Brexit: What are best and worst things farmers can do this year?
- Credit: Sonya Duncan
Standing still should not be an option for Suffolk and Essex landowners and farmers who are tempted to hold out for a clear outcome from the UK’s Brexit crisis, land agents say.
Go-ahead farmers should be cushioning themselves by diversifying and innovating, and looking for opportunities while controlling the things they can control, they say.
While in exceptional cases ‘do nothing’ might be better, they can and should seek and listen to advice.
MORE – ‘UK agriculture will suffer dramatic shock post Brexit’Will Hargreaves, from the rural team at Savills Ipswich, said it was encouraging that many farmers in the East of England are seeing the current political landscape as an opportunity rather than a threat and attempting to mitigate uncertainty by listening to new ideas and embracing innovation.
“One area that we’re encouraging clients to look at for example is their use of organic fertilisers,” he said. “As well as the obvious benefits of improving soil health and drought tolerance, such applications are also invariably cheaper than imported, manufactured phosphorus (P) and potassium (K) nutrients, which may also be exposed to tariffs in the future and are subject to currency fluctuations and a general increase in energy prices.”
Farms without a livestock enterprise should consider a partnership with a local livestock producer, energy plant or utilities provider, he suggested.
He also advises establishing a good relationship with their end user, which can offer a win-win for farmers and processors looking to mitigate their own supply chain risk, and also allows for the identification of new and niche products to meet customer demand.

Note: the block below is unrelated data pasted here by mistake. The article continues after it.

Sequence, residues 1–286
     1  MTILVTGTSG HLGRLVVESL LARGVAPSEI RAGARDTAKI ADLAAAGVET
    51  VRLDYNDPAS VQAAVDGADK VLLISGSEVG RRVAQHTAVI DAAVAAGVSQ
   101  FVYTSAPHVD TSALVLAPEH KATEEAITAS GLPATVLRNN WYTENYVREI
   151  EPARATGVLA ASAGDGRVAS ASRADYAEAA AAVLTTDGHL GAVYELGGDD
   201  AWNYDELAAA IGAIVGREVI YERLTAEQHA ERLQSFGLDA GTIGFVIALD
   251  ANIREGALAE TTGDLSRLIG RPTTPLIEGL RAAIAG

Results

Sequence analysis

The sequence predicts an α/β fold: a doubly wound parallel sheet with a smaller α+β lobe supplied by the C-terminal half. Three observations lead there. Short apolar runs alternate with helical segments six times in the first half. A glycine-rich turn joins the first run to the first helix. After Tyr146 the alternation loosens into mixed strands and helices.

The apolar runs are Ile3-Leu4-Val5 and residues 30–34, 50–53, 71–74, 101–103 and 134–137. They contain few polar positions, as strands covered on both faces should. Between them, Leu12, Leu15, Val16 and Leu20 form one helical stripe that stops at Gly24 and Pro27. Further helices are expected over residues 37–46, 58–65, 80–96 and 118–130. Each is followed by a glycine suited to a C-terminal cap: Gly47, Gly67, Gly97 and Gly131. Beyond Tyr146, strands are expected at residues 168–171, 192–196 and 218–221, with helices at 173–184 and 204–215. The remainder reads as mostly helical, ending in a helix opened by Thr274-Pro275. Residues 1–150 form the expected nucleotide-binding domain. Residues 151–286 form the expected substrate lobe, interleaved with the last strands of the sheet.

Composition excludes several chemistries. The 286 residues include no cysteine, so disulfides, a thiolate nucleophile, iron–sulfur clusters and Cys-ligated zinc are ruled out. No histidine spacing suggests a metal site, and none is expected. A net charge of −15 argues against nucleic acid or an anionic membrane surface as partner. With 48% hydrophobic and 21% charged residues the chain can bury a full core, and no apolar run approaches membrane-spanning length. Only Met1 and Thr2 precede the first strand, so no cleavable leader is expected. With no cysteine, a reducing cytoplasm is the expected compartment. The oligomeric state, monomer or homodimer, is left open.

“One thing that farmers and landowners cannot do is nothing. It will be the farm business that evolves into a consumer-focused, environmentally friendly brand, differentiating itself in the marketplace, that is set to thrive,” he said.
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Oliver Holloway of Clarke and Simpson said UK farmers’ challenge was their low productivity growth of just 0.9%, compared to 3.5% in the Netherlands.
“It is most likely that England will have a complete break from the Common Agricultural Policy and will no longer be looking at income support. Instead there will be greater focus on soil, water and climate control,” he said.
While trade, labour and regulation were all external matters that can’t be controlled by landowners, most factors within a farming business are within their control.
“In my view, the three main ways in which our clients will look to replace subsidy will be to reduce inputs, increase output and find alternative income sources,” he said.
“Farms are becoming more of a diverse commercial environment and post Brexit, businesses will need to strengthen their financial position by segmenting markets, adding value and tapping into niche markets.”
He added: “In my view, it will be the landowners that sit tight and tread water, who will be at the greatest risk of becoming a ‘post-Brexit casualty’”
William Barton of Landbridge said a lot would be down to the personal circumstances of the farmer.
“Usually, one would say the worst thing to do is nothing, but equally that could be the right thing to do for some,” he said.
“Those that are considering a sale in the short term may wish to consider accelerating that process. We are seeing a general lack of supply of land coming to the market whereas demand, especially for better quality blocks of land or commercial farms with the ability to generate income aside from farming, has been quite buoyant, especially from those with roll over, following the more active development land market over the last 12 to 24 months and the resultant rollover proceeds looking for a home before the rollover period expires.